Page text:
In the past, Danny has been pressed into working in a factory making planes for the Germans. He flirts with his pretty coworker, the engaged village girl Nadia, and also recollects his loves for other women. Some of his friends are involved in an effort to sabotage the Germans. Danny also makes an attempt at his factory job – mostly to impress Nadia. After the war, everyone scrambles to revise their ‘story’ but Danny is deaf to the change in the winds at first. Later he learns to play the game. In Toronto, Danny describes the Czech emigrant community, his class on American literature, his relationships with women and the occasional intrusion of a stray Communist spy.

Many novels switch between the past and present lives of the main characters. Often, the present section is vastly inferior and less well-developed. Here, though, both sections are engaging and funny. Both had some narrative arcs (though in both plotlines can be loose and random as well) – the strongest in the past were Danny’s relationship with Nadia and his ineffectual attempts at sabotage. In the present, the relationship of Danny’s friend and fellow ex-Czech, Veronika, as well as her general unhappiness, had the most narrative thrust.

Whenever I read the book, I would read large chunks at one time, but there was never a strong rush to finish. This was partly due to the structure of the novel – individual sections were very interesting, but sometimes the whole plot didn’t have much momentum. There are a number of digressions from characters who are peripheral, but they added to the whole picture. The large cast of characters made it hard to keep everyone straight, especially with all the jumping around. Sometimes there are whole groups of people that can be hard to distinguish – Danny’s friends at Kostelec and members of the Czech community in Toronto. The most memorable stories often come from side characters as they describe life under two repressive regimes, crazy escapes from Communism or humorous returns home. I think the best way to take on this book is to just go with the flow of switching narrative, occasional character confusion, interpolated letters and humor from odd places. ( )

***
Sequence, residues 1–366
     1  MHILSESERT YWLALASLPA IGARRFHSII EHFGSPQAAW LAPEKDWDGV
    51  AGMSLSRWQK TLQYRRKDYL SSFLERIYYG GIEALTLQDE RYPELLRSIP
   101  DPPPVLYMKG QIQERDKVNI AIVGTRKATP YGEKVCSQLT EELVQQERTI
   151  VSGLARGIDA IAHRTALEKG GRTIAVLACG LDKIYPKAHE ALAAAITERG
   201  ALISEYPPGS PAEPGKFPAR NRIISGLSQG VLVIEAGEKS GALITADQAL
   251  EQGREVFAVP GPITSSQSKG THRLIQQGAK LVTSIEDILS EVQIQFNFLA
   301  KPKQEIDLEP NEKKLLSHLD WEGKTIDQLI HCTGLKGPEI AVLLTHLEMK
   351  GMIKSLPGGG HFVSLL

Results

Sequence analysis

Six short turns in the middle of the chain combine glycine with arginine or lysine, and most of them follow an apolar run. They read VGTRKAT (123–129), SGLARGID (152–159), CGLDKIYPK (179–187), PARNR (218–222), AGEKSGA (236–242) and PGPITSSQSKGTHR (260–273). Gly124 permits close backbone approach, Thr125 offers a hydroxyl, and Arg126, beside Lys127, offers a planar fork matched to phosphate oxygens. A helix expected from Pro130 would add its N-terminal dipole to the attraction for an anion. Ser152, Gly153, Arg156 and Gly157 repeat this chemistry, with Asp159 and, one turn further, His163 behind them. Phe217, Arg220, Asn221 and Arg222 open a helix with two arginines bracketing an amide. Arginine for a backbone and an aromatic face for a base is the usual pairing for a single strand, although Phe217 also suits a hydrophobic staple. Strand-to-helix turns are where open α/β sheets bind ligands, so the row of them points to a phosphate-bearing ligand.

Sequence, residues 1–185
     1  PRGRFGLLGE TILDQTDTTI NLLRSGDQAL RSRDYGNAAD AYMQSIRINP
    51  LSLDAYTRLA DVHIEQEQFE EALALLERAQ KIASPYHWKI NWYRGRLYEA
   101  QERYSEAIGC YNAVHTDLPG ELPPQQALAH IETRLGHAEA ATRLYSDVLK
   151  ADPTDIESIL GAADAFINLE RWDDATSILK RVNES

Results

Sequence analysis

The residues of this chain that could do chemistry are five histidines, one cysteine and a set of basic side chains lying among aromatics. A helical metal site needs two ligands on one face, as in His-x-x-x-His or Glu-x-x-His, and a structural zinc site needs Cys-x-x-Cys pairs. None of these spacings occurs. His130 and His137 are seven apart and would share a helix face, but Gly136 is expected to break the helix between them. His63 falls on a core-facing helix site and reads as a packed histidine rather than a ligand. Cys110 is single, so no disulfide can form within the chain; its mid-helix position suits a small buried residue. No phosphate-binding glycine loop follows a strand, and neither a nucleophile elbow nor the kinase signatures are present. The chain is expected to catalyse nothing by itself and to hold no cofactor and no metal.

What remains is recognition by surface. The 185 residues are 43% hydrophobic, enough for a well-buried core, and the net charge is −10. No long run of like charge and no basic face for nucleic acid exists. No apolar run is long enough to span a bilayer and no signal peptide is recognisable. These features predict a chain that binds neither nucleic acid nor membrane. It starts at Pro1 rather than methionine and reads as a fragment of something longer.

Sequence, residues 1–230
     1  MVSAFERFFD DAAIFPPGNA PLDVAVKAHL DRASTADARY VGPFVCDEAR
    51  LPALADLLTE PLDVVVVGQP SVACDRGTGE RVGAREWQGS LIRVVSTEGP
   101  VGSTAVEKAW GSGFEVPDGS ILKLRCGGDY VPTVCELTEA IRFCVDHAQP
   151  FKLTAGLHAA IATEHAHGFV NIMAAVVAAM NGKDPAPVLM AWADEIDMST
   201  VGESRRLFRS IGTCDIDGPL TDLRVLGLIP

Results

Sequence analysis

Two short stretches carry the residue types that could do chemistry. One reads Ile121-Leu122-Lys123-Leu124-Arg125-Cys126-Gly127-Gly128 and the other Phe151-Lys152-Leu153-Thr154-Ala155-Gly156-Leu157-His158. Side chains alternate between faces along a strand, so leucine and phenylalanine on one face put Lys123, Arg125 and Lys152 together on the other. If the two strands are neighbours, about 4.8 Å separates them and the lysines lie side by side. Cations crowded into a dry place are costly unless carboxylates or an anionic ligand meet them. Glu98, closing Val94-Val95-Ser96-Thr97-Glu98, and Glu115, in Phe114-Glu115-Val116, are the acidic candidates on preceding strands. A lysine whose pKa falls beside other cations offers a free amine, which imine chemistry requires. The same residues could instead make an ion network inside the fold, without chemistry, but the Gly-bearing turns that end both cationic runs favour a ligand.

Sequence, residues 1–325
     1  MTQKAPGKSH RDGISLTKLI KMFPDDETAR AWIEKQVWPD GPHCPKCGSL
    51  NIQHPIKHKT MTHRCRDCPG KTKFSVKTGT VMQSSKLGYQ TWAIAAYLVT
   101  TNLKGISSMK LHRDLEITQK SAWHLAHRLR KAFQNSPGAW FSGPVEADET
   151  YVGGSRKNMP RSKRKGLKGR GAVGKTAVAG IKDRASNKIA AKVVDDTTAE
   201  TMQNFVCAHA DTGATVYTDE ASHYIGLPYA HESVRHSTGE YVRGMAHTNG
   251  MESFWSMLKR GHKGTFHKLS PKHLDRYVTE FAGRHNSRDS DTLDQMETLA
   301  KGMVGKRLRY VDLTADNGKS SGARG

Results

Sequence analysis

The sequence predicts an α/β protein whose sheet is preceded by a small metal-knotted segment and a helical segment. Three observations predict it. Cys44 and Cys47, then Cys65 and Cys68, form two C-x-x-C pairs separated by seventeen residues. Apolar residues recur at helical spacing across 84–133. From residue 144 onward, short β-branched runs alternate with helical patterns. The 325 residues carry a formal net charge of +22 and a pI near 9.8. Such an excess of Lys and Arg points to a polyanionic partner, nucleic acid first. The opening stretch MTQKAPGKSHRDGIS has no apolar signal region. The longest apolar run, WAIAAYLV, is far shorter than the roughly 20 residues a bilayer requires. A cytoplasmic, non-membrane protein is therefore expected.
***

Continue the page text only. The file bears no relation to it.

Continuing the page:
3 vote DieFledermaus | Dec 31, 2011 |
Showing 1-5 of 7 (next | show all)
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» Add other authors (12 possible)

Author nameRoleType of authorWork?Status
Škvorecký, JosefAuthorprimary authorall editionsconfirmed
Krastiņš, JānisTranslatorsecondary authorsome editionsconfirmed
Lehto, LeeviTranslatorsecondary authorsome editionsconfirmed
Marcellino, FredCover artistsecondary authorsome editionsconfirmed
Wilson, PaulTranslatorsecondary authorsome editionsconfirmed
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Truth lies in the nuances

Anatole France
What thou lovest well remains, the rest is dross
the rest is dross
What thou lov'st well shall not be reft from thee
What thou lov'st well is true heritage

Ezra Pound
Listen Tor, here's the real problem: whatever happens, I shall always defend you against the guns of the firing squad. You, on the other hand, must consent in my execution

Albert Camus
On days when sadness came, I surrendered to laughter; Having surrendered, I became gloomy.

Viktor Dyk
To Generalize is to be an idiot. To Particularize is the Alone Distinction of Merit. General Knowledges are those Knowledges that Idiots possess.

William Blake
To Santnerova
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Outside the window, which is high, narrow and gothic, the cold Canadian wind blends two whitenesses: snowflakes sifting down from lowering clouds and snowdust lifted and whirled by the wind from the land stretching southwards to Lake Ontario.
– I liked it a lot. All art that makes us think is valuable.
– Think? What about?
– About everything. What else is there to think about?
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THE ENGINEER OF HUMAN SOULS spins its own story from the torn entrails of Central Europe. yet what emerges is comedy - clack, grimacing and explosively funny, as peculiarly middle European as the despairing wit of prague's own Franz Kafka' Time